Wednesday, 8 June 2011

Reading A Little ... June

 Animal Farm - George Orwell
I didn't like 1984. I've read it a number of times and every time I manage to forget it. It's only about halfway through when I think everything is a little too predictable when I remember I've read it before. For this reason, I approached Animal Farm with slight trepidation: I thought it was Orwell's writing that I didn't like. I was pleasantly surprised. While I wouldn't put this in my list of favourite books, I also should have read this much earlier. Animal Farm recalls how the animals of Manor Farm stage a revolution and take over from the humans. A thinly disguised satire of Stalinist communism, this is an effective novel with some fairly hard-hitting themes. I really felt for some of the characters and my disgust at the short-sighted leaders increased as the book progressed. I would recommend it as one of those books you 'should' read.

Water for Elephants - Sara Gruen
I read Water for Elephants as one of my book group reads on Shelfari and after a number of recommendations. It is an absolutely fantastic read and I now know why I had so many people say I should read it. While essentially it is a love story, it captures the mood of the Great Depression and prohibition brilliantly. A number of themes are dealt with brilliantly- love, loyalty, bravery, kindness, cruelty... the list could go on. Jacob Jankowski is the son of Jewish Polish settlers. After a tragic accident, Jacob joins a circus and we get a brilliant description of what life with a travelling circus during the 1930s would have been like. The portrayal of characters is deep and well-rounded and you feel total sympathy for their feelings and moods. I loved this book and it's now one of my favourites! If you'd like to see my shelfari review click here:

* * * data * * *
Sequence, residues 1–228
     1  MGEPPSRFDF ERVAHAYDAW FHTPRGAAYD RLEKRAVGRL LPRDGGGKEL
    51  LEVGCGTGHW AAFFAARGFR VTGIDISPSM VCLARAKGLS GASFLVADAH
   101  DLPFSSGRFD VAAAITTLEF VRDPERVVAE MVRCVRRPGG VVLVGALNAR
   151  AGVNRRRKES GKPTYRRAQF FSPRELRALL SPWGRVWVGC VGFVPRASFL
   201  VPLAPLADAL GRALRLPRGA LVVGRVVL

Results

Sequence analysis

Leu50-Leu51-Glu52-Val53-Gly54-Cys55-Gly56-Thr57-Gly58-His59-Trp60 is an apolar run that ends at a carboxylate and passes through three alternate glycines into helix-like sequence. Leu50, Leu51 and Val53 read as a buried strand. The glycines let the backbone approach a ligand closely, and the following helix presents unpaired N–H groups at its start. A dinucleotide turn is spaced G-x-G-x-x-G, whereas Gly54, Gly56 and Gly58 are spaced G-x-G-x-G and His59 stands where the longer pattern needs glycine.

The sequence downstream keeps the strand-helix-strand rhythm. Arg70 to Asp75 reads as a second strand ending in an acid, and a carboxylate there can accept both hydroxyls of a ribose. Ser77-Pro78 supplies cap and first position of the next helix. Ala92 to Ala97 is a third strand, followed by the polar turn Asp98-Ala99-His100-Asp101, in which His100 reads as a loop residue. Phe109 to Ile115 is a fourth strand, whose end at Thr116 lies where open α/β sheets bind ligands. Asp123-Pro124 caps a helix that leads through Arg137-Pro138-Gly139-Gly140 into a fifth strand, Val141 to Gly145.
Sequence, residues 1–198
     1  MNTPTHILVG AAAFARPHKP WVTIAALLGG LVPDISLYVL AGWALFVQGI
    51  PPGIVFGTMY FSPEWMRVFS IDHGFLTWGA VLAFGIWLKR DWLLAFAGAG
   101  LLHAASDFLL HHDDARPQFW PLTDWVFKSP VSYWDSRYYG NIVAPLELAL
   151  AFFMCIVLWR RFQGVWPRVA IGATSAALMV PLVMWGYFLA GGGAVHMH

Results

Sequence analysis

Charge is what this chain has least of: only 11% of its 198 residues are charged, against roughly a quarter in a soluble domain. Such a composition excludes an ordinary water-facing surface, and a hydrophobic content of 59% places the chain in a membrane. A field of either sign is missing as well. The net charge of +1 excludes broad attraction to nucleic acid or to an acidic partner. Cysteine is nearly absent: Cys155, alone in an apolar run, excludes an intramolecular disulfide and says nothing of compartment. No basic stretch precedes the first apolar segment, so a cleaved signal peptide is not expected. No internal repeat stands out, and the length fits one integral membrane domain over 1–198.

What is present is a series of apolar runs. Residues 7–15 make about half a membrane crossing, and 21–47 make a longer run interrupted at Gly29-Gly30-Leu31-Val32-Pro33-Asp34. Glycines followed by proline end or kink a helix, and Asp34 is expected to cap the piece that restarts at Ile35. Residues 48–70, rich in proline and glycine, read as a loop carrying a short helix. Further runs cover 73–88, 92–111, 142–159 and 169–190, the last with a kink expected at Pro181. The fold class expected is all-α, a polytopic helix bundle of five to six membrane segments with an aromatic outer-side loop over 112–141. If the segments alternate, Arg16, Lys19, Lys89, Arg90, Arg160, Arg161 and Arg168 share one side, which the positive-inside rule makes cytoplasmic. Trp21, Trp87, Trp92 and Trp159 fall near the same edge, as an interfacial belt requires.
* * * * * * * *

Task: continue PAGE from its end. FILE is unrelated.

To Kill A Mockingbird - Harper Lee
I read this years and years ago while still at school. But it's one of those books that I HAD to read, and therefore I disliked, and promptly forgot. It probably didn't help that we had about 3 teachers that term so we didn't get a 'whole' picture. In fact I'm not even sure we finished it. Anyway, I decided after reading lots of people raving about it, that I had to re-read it. And I'm very glad I did. It is written from the viewpoint of Scout Finch, the daughter of a lawyer living in Alabama in 1936. I don't think it needs much explaining here as it is incredibly well-known for it's themes of racism, tolerance, prejudice and community-spirit. It is brilliantly written, has lively characters and dialogue and I can absolutely see now why it has influenced so many people so profoundly. An excellent read.


PoetessWug said...

I just recently read To Kill A Mockingbird for the first time in my life...I'm 50 something now! I've seen the movie a million times (exaggerating of course...slightly. LOL) and loved it!!!! But I had never read the book. Finally I did. My assessment?.....I didn't care for the book. :-( Admittedly though, that's probably because I was a movie officianado beforehand. The book therefore confused me. ^_^

Creating Trouble said...

I've never seen the film - but it was one of your posts and a few book discussions I'd read recently that inspired me to read it again! I should see the film - it'll be next on the list.


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